Send to

Choose Destination
See comment in PubMed Commons below
J Immunol. 2013 Sep 15;191(6):3200-9. doi: 10.4049/jimmunol.1301057. Epub 2013 Aug 9.

Parental dietary fat intake alters offspring microbiome and immunity.

Author information

  • 1Bacterial Pathogenesis Unit, Laboratory of Clinical Infectious Diseases, National Institute of Allergy and Infectious Diseases, National Institutes of Health, Bethesda, MD 20892, USA.


Mechanisms underlying modern increases in prevalence of human inflammatory diseases remain unclear. The hygiene hypothesis postulates that decreased microbial exposure has, in part, driven this immune dysregulation. However, dietary fatty acids also influence immunity, partially through modulation of responses to microbes. Prior reports have described the direct effects of high-fat diets on the gut microbiome and inflammation, and some have additionally shown metabolic consequences for offspring. Our study sought to expand on these previous observations to identify the effects of parental diet on offspring immunity using mouse models to provide insights into challenging aspects of human health. To test the hypothesis that parental dietary fat consumption during gestation and lactation influences offspring immunity, we compared pups of mice fed either a Western diet (WD) fatty acid profile or a standard low-fat diet. All pups were weaned onto the control diet to specifically test the effects of early developmental fat exposure on immune development. Pups from WD breeders were not obese or diabetic, but still had worse outcomes in models of infection, autoimmunity, and allergic sensitization. They had heightened colonic inflammatory responses, with increased circulating bacterial LPS and muted systemic LPS responsiveness. These deleterious impacts of the WD were associated with alterations of the offspring gut microbiome. These results indicate that parental fat consumption can leave a "lard legacy" impacting offspring immunity and suggest inheritable microbiota may contribute to the modern patterns of human health and disease.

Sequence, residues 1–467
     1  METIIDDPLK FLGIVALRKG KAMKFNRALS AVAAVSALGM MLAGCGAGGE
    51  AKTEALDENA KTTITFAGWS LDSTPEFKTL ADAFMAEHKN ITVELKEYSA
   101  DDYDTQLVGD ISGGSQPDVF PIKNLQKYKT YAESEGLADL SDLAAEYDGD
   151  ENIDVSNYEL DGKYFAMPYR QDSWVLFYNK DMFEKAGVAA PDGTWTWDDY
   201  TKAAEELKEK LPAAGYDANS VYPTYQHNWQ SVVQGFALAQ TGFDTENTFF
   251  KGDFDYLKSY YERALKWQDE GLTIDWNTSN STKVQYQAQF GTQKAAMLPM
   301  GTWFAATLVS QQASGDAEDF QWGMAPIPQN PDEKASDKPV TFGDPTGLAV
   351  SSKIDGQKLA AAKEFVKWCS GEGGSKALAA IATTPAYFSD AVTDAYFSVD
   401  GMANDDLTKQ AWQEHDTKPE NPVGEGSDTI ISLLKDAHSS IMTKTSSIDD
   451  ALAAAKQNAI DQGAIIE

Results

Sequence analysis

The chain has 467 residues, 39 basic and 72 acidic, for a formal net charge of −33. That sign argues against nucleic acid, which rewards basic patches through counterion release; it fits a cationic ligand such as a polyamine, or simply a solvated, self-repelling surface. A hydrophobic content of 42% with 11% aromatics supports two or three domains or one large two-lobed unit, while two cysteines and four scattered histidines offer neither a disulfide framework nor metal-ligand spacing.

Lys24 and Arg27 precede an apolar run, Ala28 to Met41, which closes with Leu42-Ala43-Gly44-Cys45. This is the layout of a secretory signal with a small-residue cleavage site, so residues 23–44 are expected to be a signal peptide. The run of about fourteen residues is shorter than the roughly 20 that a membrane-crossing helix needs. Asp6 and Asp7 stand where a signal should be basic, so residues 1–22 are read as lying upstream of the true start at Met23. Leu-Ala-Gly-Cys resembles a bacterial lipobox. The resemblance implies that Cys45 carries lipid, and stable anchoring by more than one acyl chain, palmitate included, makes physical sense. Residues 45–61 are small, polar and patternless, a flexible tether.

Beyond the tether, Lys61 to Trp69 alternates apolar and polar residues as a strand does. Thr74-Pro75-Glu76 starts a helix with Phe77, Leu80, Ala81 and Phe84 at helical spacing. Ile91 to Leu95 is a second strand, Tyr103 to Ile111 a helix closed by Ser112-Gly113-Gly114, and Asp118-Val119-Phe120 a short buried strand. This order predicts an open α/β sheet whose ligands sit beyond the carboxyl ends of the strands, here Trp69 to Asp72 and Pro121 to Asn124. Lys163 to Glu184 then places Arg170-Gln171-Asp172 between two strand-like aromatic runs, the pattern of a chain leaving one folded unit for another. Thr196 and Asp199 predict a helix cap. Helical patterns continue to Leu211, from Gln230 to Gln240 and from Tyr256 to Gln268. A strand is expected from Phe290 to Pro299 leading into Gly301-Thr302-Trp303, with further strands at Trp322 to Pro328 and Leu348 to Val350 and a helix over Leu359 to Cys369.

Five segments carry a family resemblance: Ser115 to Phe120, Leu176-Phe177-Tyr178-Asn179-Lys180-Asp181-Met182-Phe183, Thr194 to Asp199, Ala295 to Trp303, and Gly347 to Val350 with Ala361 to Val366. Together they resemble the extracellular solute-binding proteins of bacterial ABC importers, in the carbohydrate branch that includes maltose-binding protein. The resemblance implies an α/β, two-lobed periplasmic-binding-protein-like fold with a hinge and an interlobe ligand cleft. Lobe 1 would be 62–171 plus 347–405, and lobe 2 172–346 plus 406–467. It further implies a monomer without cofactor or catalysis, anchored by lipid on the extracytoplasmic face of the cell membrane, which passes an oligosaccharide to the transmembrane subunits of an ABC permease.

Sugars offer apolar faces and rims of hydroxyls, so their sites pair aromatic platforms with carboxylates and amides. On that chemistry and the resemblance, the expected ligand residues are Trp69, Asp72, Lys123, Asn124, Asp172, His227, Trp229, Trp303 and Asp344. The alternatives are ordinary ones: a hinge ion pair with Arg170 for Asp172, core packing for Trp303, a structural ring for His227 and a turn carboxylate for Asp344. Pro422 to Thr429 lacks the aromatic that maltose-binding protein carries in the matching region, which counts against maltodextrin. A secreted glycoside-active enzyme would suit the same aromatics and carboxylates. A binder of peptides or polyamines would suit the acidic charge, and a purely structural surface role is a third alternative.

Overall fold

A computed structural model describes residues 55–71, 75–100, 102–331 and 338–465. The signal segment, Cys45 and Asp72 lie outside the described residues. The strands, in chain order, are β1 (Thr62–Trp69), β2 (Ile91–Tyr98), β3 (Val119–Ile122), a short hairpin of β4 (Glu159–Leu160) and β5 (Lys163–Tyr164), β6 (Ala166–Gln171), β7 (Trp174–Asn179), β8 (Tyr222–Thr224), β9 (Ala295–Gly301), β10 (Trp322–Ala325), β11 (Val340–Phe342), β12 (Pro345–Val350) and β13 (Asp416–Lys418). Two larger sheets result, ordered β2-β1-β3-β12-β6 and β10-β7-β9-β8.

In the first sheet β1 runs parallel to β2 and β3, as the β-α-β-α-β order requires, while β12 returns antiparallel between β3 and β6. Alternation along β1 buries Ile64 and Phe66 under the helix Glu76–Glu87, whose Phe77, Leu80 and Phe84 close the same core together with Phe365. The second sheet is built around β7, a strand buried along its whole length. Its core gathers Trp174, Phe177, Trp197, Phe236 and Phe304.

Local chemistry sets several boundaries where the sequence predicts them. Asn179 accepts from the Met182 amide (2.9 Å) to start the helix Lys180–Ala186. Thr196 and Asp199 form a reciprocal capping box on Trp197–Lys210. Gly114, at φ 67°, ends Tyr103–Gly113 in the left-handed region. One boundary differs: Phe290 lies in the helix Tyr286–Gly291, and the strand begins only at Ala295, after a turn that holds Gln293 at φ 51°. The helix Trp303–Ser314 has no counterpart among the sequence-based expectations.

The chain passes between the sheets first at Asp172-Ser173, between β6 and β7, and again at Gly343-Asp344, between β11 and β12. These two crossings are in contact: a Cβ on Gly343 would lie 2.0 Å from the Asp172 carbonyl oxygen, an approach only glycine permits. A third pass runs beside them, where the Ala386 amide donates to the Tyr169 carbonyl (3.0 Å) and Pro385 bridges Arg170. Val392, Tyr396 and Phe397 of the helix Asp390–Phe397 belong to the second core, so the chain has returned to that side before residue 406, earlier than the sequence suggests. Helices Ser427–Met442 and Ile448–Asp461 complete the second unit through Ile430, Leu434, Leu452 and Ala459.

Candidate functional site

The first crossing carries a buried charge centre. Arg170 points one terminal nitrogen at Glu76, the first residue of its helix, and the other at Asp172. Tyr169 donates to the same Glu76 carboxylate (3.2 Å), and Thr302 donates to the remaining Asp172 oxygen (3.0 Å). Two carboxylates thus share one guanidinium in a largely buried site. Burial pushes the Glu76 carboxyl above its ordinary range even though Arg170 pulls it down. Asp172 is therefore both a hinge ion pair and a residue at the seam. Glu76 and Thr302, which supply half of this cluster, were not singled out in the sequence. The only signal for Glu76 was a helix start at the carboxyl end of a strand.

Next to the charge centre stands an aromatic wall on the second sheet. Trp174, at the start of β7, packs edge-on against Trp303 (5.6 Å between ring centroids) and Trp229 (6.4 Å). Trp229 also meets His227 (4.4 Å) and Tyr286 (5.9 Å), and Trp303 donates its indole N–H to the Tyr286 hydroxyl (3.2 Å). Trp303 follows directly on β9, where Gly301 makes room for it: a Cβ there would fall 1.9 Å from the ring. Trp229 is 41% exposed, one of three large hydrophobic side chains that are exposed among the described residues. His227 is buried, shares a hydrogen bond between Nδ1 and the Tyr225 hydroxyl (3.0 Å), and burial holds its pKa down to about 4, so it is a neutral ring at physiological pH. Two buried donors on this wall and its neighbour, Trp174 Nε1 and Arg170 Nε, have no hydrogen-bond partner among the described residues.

[PubMed - indexed for MEDLINE]
Free PMC Article
PubMed Commons home

PubMed Commons

How to join PubMed Commons

    Supplemental Content

    Full text links

    Icon for HighWire Icon for PubMed Central
    Loading ...
    Support Center